Wolfweres are one of the sillier monsters in Dungeons & Dragons to have nonetheless persisted throughout the editions. As their name implies, they are "reverse werewolves", a therianthrope breed which in its native form is a wolf with regeneration and a human-like level of intelligence, and which can freely adopt human or half-human forms. They are particularly common in Ravenloft, as the Darklord of Kartakass is a wolfwere.
The basic difference between wolfweres and werewolves is that whilst werewolves are mindless killing machines, wolfweres are highly cunning and intelligent predators who just happen to prefer the flesh of humans and demihumans. One of the things that make wolfweres different to werewolves is that they can freely tailor their humanoid forms as they see fit, taking on whichever race and even gender they like - in fact, in AD&D, they explicitly prefer to take on the opposite gender to their current target, in order to more easily seduce them away from safety and kill them. Wolfweres revile wolfsbane and are compelled to avoid it, and whilst they have no fear of silver, which can prove a deadly mistake to the monster hunter who confuses them for a werewolf, cold iron can hurt them just as badly as silver hurts their counterparts.
Wolfweres are extremely solitary by nature; they prefer the company of normal wolves and their monstrous cousins dire wolves and worgs to that of other wolfweres. In AD&D, the most you will ever see them in is a group of 3, whilst in 3e, you might find a troupe of as many as 5 wolfweres.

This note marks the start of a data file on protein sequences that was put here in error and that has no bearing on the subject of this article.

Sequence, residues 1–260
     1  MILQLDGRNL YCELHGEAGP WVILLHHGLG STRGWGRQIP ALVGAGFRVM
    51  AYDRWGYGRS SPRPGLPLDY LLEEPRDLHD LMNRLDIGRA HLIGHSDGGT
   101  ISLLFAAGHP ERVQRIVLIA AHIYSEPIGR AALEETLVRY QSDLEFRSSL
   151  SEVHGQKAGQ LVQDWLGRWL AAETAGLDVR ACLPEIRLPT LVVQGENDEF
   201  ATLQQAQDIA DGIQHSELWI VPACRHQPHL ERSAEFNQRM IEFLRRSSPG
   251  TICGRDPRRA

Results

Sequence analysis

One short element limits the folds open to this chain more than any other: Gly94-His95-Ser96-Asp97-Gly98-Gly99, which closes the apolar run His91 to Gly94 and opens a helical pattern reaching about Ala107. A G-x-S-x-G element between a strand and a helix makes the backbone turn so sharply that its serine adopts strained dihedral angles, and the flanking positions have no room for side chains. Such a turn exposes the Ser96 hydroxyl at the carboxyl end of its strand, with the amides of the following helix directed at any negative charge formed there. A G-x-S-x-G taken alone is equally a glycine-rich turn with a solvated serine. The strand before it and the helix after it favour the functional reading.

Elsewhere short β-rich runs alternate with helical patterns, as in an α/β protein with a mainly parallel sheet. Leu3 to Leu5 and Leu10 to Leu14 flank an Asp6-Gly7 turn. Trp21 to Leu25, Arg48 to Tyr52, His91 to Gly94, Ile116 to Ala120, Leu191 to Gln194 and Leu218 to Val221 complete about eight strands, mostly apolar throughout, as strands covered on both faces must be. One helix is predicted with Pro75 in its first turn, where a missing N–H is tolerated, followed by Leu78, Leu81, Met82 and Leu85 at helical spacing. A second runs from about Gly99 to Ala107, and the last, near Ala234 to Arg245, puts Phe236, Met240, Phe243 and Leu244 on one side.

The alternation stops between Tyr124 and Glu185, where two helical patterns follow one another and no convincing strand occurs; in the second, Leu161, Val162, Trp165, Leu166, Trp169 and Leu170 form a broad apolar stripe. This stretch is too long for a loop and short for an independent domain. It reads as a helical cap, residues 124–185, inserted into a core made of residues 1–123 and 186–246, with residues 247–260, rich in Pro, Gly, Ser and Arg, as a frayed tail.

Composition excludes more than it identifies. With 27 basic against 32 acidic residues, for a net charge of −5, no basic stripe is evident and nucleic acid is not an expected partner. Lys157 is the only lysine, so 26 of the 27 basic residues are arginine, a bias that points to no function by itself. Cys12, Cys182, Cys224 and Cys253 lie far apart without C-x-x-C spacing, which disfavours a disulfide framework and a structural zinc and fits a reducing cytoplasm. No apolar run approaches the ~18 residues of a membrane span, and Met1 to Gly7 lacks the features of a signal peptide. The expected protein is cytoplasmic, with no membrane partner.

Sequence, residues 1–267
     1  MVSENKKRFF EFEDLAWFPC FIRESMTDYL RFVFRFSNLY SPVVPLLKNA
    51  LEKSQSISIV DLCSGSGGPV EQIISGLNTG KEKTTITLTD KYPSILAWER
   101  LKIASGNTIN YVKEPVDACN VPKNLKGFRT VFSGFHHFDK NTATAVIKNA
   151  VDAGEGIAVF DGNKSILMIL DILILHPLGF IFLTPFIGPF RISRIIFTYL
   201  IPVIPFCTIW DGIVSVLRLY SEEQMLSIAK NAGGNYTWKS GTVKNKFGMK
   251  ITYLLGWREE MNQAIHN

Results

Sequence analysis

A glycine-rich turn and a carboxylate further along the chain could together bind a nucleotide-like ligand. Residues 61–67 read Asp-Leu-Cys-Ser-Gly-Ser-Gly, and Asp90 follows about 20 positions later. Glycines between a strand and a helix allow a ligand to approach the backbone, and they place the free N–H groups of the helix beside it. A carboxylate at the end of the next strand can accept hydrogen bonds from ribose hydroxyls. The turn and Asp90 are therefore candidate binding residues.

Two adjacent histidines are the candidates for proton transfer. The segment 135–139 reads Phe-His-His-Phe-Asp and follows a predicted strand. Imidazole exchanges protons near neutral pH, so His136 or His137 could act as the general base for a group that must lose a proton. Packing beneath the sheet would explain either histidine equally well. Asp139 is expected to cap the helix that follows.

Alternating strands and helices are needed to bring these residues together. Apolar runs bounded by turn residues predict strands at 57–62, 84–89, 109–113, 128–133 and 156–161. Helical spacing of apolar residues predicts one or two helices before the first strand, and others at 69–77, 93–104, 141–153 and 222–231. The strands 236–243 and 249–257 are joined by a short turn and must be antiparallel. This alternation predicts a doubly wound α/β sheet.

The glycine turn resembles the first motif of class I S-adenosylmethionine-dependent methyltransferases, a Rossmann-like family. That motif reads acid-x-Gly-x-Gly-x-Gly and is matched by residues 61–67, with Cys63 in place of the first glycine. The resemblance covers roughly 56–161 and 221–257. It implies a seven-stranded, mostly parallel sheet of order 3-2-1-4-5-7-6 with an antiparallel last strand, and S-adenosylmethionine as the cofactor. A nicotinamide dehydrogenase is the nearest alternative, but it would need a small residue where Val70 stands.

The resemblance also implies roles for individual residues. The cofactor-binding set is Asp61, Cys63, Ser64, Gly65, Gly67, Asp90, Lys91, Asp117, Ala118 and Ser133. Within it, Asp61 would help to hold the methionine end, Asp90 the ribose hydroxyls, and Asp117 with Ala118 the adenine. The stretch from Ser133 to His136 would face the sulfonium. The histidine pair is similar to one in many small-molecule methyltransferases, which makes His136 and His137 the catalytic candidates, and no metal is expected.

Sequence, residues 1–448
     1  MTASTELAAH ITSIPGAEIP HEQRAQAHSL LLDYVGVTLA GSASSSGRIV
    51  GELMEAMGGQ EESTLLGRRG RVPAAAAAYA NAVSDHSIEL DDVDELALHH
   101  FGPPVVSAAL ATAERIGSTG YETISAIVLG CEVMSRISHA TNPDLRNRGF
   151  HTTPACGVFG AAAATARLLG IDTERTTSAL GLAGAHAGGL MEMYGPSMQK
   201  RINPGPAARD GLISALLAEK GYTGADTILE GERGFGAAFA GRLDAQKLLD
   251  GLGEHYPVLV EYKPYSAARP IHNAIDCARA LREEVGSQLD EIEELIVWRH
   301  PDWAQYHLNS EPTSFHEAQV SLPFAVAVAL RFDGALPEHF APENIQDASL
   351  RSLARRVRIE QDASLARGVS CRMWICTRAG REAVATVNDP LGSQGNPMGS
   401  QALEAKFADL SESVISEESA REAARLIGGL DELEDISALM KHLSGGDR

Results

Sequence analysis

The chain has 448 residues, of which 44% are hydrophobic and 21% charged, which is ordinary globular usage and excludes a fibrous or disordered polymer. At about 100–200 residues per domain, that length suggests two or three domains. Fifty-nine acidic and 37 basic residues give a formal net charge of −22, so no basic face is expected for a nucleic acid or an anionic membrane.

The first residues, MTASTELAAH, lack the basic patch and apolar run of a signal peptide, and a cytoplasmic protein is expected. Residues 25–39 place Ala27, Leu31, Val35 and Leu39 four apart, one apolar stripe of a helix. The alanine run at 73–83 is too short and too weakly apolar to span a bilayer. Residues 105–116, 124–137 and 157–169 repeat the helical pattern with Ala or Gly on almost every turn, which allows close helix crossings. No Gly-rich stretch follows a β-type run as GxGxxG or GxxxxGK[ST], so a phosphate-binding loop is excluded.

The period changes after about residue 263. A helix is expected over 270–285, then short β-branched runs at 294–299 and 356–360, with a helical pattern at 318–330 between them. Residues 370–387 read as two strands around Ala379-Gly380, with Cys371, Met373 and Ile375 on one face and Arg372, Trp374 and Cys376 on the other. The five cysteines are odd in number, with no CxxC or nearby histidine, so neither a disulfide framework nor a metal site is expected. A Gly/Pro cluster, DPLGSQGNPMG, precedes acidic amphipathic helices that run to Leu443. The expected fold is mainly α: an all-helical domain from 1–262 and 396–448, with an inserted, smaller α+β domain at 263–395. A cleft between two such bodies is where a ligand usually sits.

In 3rd edition, it's stated that wolfweres often become enamored of attractive humans, but their bestial minds cause them to have difficulties seperating lust and hunger, often getting the two emotions so confused that they end up eating their lover as an expression of love.
Because of the way monsters worked in old-school D&D, there's also the Greater Wolfwere, a more powerful version that does more damage, can regenerate like a troll, can summon packs of wolves and dire wolves to its aide, is resistant to wolfsbane, and has at least one level in bard. They are said to be the direct children of the wolfwere Darklord Harkon Lukas, and 10% of the children of a greater wolfwere and a regular wolfwere will be greater wolfweres in turn. In 3rd edition, they lost the mandatory Bard levels and resistance to wolfsbane (although, in fairness, wolfweres lost the wolfsbane vulnerability themselves), and it's stated that they are only 10% of Lukas' offspring.
Wolfweres and werewolves despise one another, and try to kill each other whenever they meet.
In AD&D, the meekulbern plant was said to have a 50% chance of sprouting from the corpse of any victim of a greater wolfwere that wasn't either completely eaten or buried properly. In 3e, meekulbern grows automatically wherever humanoid victims of any wolfweres were killed. The berries of this plant are used to make meekulbrau, a blood-red wine that gives a bonus to Perform (Sing) checks.
The most dangerous part of facing a wolfwere is its song. Wolfweres have a talent for music and often disguise themselves as wandering minstrels or bards, and their songs have an innate ability to make anyone who hears them sluggish and lethargic. Thus slowed, they become easy prey for the wolfwere.